19

I found how to print everything before a slash, however I need to print everything after a slash. I have a string like blablabal/important and I need to print only important. How should I modify the line below to get printed everything after a slash and not before?

sed 's:/[^/]*$::'
6
  • You need to print everything after the first slash, or everything after the last slash?
    – Kira
    Commented Dec 5, 2015 at 16:30
  • @Kira Looks like last slash to me with $ in the regex.
    – Sly
    Commented Dec 5, 2015 at 16:30
  • I have only one column in a test file. Each row is a string where slash appears only once.
    – Iris Pader
    Commented Dec 5, 2015 at 16:31
  • 6
    Use the right tool for this job: cut -d/ -f2- <infile Commented Dec 5, 2015 at 18:21
  • 1
    @MichaelHoffmann - isn't the reason obvious? i.e. cut was designed for this job (extracting one or more fields) while sed is a "general purpose tool" (so not optimized for this task) ; also, regex is expensive: if you had to process millions of records with hundreds of fields each you'd see the difference... Commented May 23, 2019 at 19:02

6 Answers 6

31

Just delete everything until the last slash:

$ echo "blablabal/important" | sed 's:.*/::'
important

It also works with multiple slashes:

$ echo "blablabal/not/ver/interesting/important" | sed 's:.*/::'
important
3
  • 2
    sed 's/.*\///' may be more POSIX-standard.
    – Soping Lee
    Commented Oct 29, 2021 at 9:07
  • 1
    @SopingLee thanks, but no, this is POSIX. See pubs.opengroup.org/onlinepubs/9699919799/utilities/sed.html: "Any character other than <backslash> or <newline> can be used instead of a <slash> to delimit the BRE and the replacement."
    – terdon
    Commented Oct 29, 2021 at 9:34
  • 1
    @Niing please ask a separate question, that is a different issue.
    – terdon
    Commented Jun 15, 2022 at 14:46
21

It looks like the other answers are assuming that you have multiple lines of data in a file, which are all to be processed. In this case sed or awk (or possibly cut) would be the best tools for processing all the lines in one go.

However, if you just have one line in a shell variable (assuming you're using bash), you can use shell expansions to achieve the desired result, without having to spawn utilities in external processes:

$ var="interesting/bla/blablabal/important"
$ 
$ # everything after the first slash:
$ echo "${var#*/}"
bla/blablabal/important
$ # everything after the last slash:
$ echo "${var##*/}"
important
$ # everything before the first slash:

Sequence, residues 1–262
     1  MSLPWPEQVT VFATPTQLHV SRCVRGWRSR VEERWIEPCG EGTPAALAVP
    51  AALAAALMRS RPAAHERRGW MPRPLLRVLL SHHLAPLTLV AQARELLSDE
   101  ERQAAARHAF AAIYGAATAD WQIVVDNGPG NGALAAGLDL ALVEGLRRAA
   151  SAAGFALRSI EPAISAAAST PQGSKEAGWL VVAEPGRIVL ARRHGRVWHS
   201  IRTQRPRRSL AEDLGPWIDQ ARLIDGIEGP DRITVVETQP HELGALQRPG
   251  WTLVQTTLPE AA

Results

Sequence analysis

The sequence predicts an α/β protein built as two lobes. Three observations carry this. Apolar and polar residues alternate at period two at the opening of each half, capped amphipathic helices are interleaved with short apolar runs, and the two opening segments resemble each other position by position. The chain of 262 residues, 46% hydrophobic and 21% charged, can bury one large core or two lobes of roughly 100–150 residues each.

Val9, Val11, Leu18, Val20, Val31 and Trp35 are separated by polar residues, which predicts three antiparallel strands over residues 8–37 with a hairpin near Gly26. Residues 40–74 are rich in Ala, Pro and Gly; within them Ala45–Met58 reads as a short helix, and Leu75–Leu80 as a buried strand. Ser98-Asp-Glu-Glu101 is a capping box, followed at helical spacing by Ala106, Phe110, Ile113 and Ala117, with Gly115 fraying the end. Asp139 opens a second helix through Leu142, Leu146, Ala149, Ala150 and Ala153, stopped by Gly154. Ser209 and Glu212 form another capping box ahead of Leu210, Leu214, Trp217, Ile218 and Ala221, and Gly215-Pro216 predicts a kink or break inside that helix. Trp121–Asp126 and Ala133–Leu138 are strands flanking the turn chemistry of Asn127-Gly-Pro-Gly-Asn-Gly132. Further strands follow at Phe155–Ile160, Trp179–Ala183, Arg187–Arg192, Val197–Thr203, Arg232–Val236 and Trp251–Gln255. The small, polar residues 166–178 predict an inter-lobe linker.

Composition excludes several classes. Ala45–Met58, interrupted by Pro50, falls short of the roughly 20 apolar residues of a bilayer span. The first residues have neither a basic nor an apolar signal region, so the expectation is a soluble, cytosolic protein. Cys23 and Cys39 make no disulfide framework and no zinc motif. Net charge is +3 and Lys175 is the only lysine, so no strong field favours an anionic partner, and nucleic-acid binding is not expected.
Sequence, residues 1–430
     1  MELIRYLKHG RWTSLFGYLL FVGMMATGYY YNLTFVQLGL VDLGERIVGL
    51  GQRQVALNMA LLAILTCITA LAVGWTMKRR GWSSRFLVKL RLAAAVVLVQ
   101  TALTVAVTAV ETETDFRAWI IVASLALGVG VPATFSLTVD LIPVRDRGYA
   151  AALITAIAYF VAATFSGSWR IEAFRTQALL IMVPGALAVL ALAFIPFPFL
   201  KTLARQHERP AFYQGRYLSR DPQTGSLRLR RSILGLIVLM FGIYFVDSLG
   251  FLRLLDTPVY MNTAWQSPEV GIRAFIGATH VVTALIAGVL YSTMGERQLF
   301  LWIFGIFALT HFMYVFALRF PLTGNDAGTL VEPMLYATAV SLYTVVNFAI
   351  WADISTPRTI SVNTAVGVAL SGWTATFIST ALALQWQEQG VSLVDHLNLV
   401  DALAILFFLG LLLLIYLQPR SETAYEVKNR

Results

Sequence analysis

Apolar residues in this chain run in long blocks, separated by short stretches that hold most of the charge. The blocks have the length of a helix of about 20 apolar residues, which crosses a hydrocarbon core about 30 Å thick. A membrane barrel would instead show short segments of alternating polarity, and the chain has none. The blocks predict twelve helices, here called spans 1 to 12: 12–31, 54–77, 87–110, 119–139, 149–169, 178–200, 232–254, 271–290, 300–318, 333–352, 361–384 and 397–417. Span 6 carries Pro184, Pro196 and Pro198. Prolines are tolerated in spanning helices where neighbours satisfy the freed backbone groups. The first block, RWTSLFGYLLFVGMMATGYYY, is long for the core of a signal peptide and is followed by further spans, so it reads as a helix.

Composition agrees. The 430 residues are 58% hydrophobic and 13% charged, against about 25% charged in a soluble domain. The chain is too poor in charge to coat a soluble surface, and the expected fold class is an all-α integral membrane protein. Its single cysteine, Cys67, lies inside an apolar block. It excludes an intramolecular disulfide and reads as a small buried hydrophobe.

$ echo "${var%%/*}"
interesting
$ # everything before the last slash:
$ echo "${var%/*}"
interesting/bla/blablabal
$ 

Alternatively, I assume your slash-separated strings are file paths. If that is the case, you can use dirname and basename to get the path and filename components:

$ # everything before the last slash:
$ dirname "$var"
interesting/bla/blablabal
$ # everything after the last slash:
$ basename "$var"
important
$ 
2
  • How can I get the rest of the second last slash?
    – Jin Kwon
    Commented Nov 10, 2022 at 5:26
  • 1
    @JinKwon Are you referring to the "blablabal" substring in the above example? If so you could do basename $(dirname "$var") Commented Nov 10, 2022 at 17:24
15

Since you mentioned in your comment that the file only has one slash, why not just use awk?

Example:

 ❱ echo "blablabal/important" | awk -F'/' '{print $1}'
blablabal
 ❱ echo "blablabal/important" | awk -F'/' '{print $2}'
important
2
  • 1
    This only prints the second part in a string with multiple slashes. Well, unfortunately that's what the asker wants… Commented Dec 5, 2015 at 22:13
  • Indeed. No reason to overcomplicate it with a sed replacement if there's only two results.
    – Sly
    Commented Dec 5, 2015 at 22:17
1

This sould work:

echo "blablabal/important" | sed 's:[^/]*/\(.*\):\1:'

The first part [^/]*, matches everything BUT a slash, then we have a literal slash /, and a "matches everything" .* inside escaped parenthesis \(.*\). The escaped parenthesis are there to "save" the matching result, meaning that it will contain everything after the first slash in this case. The \1 refer to the first matched group, in this case we only have one group, because there is only one \(...\) pair.

In sed, the character you type after the s will be the delimiter. It is a common practice to use / as delimiter, but is this case it is easier to use something else, although it would be possible to use a slash too.

3
  • Yes, there are like 100 other ways to do that. I think terdon's answer might be the shortest with sed. cut would also be a good answer for this specific case.
    – Kira
    Commented Dec 5, 2015 at 19:05
  • you guys do exactly opposite things though - you get the first, he gets all.
    – mikeserv
    Commented Dec 5, 2015 at 19:05
  • True, that's why I've asked OP if he wanted everything after the first or last slash, but as there is only one slash per line in his case, it won't make any difference.
    – Kira
    Commented Dec 5, 2015 at 19:07
1
sed -et -e's|/|&\n|;//D' <in >out

...will print everything after the first slash on any line which contains one, or else print any other unmodified. If you drop the // it will only print lines it modifies.

You may need to use a literal \newline in place of the n in the \n escape though, depending on your sed version.

Also, if you specify an occurrence count...

sed -et -e's|/|&\n|num;/\n/D'

...you can delete up to the numth slash on a line without affecting any line which doesn't contain at least num slashes.

0

grep solution:

$ echo "blablabal/important" | grep -oP "/\K.*"
important

\K drops the matched string in output

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